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The Khan Academy origin story starts with former hedge fund manager Salman Khan creating videos to tutor his cousin in mathematics. He began to share these more widely with the children of friends and relatives until he was inspired to create a non-profit website to share them with the world and invite other instructors to share their teaching in the same way. Major sponsors include The Bill and Melinda Gates Foundation, Ann & John Doerr, the O'Sullivan Foundation, Reed Hastings, Google and the Windsong Trust.
[ Salman Kahn on expanding the value of online instruction: Video from the Web 2.0 Summit in 2011. ]
As Khan Academy's online reputation has grown, one of its major initiatives has become seeking better ways of integrating online instruction with the classroom experience. The Idaho program is being funded by a $1.5 million grant from the J.A. and Kathryn Albertson Foundation, a Boise-based, private family foundation committed to "limitless learning for all Idahoans." The money will pay for training, technology, technical assistance and assessment.
The Center for Innovation in Teaching and Learning at Northwest Nazarene University will support implementation of the Khan Academy program and will conduct research focused on using the videos to improve math instruction. "We want to know that it's not just a fad but does improve student achievement," said center director Eric Kellerer. "In some of the smaller pilot studies Khan has done, they've seen dramatic results in 90 days. We're going to have a whole year to work with them." The program will start in the fall, although many Idaho teachers are already getting a start on it on their own, he said.
"If it takes off, I think it will spread two ways," Kellerer said. "One is virally, by word of mouth, because teachers tell each other when they find something that works. Also, if the research turns out to show this has improved academic importance, my job is to get the word out."
Although some of the schools will also be integrating Khan videos into science or computer programming instruction, math is a particularly important focus for Idaho because only 38% of students are performing at or above grade level, according to standardized tests, Kellerer said. Math instruction is also challenging for instructors, given that in a seventh-grade class there might be some students performing at a third-grade level and others at a tenth-grade level, Kellerer said. It's common for a third of the students to be keeping pace with the class, a third to be tuning out because they are so far behind, and a third to be bored because they are so far ahead, he said. Teachers do the best they can to serve all these students, but self-paced tutorials provide a way of helping struggling students catch up, while those who are excelling can work ahead, he said.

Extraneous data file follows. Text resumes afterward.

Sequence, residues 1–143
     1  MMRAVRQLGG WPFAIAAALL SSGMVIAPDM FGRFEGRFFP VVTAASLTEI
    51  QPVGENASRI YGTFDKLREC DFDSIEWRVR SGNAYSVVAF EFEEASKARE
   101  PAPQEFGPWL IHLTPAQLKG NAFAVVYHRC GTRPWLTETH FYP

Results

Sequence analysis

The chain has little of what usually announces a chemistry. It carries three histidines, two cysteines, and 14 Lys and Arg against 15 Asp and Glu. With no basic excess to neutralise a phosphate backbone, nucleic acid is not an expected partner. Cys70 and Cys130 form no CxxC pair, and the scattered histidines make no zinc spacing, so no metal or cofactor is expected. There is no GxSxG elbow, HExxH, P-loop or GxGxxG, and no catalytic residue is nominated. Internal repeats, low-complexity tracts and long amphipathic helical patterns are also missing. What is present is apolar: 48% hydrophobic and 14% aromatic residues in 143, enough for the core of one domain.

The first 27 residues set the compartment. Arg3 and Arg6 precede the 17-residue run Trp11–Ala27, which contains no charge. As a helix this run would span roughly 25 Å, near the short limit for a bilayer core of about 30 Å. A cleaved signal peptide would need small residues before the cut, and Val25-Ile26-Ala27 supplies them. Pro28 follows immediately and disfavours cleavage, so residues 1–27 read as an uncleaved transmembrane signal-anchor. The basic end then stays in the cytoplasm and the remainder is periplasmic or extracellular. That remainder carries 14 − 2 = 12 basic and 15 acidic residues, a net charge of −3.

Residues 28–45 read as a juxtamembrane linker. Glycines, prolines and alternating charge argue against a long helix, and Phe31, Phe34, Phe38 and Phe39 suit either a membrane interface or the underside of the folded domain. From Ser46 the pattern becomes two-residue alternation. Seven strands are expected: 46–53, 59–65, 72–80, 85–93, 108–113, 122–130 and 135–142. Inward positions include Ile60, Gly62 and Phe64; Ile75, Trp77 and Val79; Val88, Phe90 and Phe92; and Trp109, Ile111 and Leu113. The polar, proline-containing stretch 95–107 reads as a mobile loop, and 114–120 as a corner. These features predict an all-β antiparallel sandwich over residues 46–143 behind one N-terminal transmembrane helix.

Although Khan Academy is already a powerful tool for the individual students who seek it out, integration with the classroom experience makes it "a little more intentional," Kellerer said. "When the teacher becomes a part of the experience, the teacher can watch behind the scenes to see the progress the student has been making." Khan's software allows students to share reports on their progress with teachers as well as parents and other learning coaches, he said.
Salman Khan visited Idaho in 2012 as part of the Ed Sessions speaker series sponsored by the Albertson Foundation. The month prior to his visit, KhanAcademy.org registered nearly 40,000 users from Idaho. The month after his visit, the number jumped to 55,000 users, according to the press release. Enthusiasm grew following a two-day Khan Academy teachers' workshop in October, which drew more than 200 teachers from around the state (see video). That led the foundation and Khan Academy to start planning this pilot program.
An independent committee selected the grant winners from among 75 traditional, private, enrichment programs and charter school applications. There were 36 grant winners, including 11 school districts who will bring multiple schools into the program, for a total of 47 schools and educational programs. One of them is the school program run by the Department of Corrections, which presented a particular challenge because inmates are not allowed Internet access, Kellerer said. Fortunately, Khan Academy offers a version of its course catalog that can be viewed offline.
"In our latest visits to Idaho, we already started to hear success stories," Khan said in a prepared statement. "Teachers told us about students who were able to race ahead while other students took time to finally fill in unique 'Swiss cheese holes' or gaps in knowledge from previous years. But we're also excited about the stories we haven't heard yet -- especially stories from rural and frontier regions where we haven't been able to visit. There's a tremendous amount of possibility in these regions where resources have historically been strained."
Kellerer said the classroom technology used to implement the program will vary from school to school, based on grant applications, but includes PCs, iPads and other tablets. Google's Chromebook devices are featured in many of the proposals because of their low cost, integrated keyboard and proficiency at displaying online content, he said.
"One of the grant proposals that came in for this said we really don't need any money or equipment for this, what we want is the training and professional development and training about this," he said.
Although the state Department of Education so far is merely monitoring the program, Kellerer said he hopes to see it become more actively involved if his research shows results. "The first step is to make sure this does as well as it says it does," Kellerer said.